What Went Wrong During Your Presentation or Media Interview?

Sometimes you are so focused on preparing for your next presentation or media interview that you overlook Bad Good Better Best Meterthat evaluating your last performance is just as important. What went right – or wrong?

Prepare for Your Post-Mortem

You feel you’ve done everything you could to prepare for your presentation or interview:

  • Key messages nailed down. Check.
  • Practiced and perfected your delivery. Check. …Read more…

Is It Ever OK to Respond “No Comment” to a Reporter?

Yes, but not in those exact words.

No comment

To comment or not to comment?

The conventional wisdom for media interviews is that you never say “no comment” when a reporter asks you a question you can’t or don’t want to answer.

You Must Answer the Question

Of course, you can’t give the reporter confidential company information, or comment during the quite period preceding an IPO. But you cannot ignore the question. You don’t want to use the words “no comment,” which is like waving a red flag. But many interview subjects think they can simply stonewall the reporter and bridge back to their key messages.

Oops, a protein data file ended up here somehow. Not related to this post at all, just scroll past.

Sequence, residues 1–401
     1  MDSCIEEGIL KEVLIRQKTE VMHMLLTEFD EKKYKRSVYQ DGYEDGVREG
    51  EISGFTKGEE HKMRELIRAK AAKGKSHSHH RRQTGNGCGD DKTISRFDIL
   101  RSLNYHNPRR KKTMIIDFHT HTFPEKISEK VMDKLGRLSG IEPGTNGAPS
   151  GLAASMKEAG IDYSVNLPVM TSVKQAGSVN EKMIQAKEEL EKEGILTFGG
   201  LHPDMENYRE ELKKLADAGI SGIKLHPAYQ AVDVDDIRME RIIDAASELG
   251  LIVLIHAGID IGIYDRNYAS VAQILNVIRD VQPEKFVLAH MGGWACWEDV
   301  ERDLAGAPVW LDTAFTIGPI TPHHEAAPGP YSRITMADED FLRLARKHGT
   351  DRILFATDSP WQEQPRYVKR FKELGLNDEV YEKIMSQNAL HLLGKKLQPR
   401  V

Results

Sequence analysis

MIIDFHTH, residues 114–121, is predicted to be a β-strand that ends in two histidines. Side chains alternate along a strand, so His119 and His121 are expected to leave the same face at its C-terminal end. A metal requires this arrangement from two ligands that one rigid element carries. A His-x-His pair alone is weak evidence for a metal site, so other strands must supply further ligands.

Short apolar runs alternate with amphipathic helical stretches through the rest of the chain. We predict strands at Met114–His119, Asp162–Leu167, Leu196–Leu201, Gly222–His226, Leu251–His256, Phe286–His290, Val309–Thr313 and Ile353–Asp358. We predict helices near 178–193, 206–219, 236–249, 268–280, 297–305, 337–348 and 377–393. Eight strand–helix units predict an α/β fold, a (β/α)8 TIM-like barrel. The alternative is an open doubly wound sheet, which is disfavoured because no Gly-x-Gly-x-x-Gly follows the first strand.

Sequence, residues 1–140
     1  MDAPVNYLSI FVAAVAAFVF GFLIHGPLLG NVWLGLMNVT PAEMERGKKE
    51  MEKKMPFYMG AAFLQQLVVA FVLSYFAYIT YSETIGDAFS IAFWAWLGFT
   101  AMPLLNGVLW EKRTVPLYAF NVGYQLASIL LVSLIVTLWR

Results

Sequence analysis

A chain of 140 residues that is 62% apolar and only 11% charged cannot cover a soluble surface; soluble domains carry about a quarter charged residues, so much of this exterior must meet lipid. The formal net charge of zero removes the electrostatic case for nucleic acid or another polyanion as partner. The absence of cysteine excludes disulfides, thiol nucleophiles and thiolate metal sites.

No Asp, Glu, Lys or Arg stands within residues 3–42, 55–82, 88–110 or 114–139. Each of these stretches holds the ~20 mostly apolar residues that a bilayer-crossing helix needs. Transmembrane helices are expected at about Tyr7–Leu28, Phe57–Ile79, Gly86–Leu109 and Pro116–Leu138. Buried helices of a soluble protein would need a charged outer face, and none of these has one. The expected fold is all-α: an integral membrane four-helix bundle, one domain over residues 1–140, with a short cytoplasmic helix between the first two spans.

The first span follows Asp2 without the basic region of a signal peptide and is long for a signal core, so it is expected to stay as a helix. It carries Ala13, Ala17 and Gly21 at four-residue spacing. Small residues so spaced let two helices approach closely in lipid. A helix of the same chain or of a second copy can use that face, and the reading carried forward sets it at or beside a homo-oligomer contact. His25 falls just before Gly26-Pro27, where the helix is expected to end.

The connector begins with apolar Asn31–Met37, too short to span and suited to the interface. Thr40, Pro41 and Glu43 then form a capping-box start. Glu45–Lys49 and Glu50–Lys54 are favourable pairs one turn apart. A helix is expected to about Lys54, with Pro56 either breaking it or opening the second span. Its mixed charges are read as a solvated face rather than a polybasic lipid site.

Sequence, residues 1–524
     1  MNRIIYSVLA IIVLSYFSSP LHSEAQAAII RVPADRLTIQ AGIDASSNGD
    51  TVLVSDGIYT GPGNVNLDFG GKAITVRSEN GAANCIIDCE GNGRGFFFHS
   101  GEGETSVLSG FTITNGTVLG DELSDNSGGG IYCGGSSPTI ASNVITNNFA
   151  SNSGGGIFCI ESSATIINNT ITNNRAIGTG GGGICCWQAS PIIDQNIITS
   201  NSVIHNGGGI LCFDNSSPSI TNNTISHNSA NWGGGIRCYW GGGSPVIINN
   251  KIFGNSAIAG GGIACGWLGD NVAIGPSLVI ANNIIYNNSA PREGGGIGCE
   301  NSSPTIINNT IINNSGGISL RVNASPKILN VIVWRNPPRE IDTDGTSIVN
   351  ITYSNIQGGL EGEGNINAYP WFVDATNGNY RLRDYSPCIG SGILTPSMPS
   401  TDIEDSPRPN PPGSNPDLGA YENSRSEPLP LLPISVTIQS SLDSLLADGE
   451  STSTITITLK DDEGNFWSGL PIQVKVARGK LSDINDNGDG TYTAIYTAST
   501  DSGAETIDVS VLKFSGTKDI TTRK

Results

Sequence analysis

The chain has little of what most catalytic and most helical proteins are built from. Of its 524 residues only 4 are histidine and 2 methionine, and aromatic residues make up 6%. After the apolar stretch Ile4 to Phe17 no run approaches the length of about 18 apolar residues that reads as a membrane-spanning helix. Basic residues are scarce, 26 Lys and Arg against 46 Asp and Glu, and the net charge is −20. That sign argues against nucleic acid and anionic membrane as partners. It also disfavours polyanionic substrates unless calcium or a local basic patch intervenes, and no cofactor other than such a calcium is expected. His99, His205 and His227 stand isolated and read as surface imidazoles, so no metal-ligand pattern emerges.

That is a big mistake. The reporter will think …Read more…

Does Your High School Yearbook Photo Hold a Clue to Who You Are Now?

As the last New York Mayoral race was heating up, candidates had to undergo scrutiny, not only for their points of view about public policy but also for their personal images.

The Daily News chose a novel way to spotlight the candidates in a story that included photos of them in their high school yearbooks.

NYDailyNews …Read more…

Using Jargon and Acronyms Can Leave Your Audience in the Dark

Mumbo jumbo concept.Every industry has its own jargon and acronyms. Jargon is a form of slang, or shorthand, that conveys a specific meaning to the insiders who use it.

Jargon common to all industries such as “think outside the box” or a “win-win situation” are well known, although they don’t show much originality when used by someone making a presentation.

But if a speaker used “kill chain” in his talk would you know that it’s a military term describing the process of identifying and destroying a target? The speaker might be discussing how to overcome the competition and kill chain certainly has a nice ring to it, even if his audience doesn’t know what it means.

The use of jargon …Read more…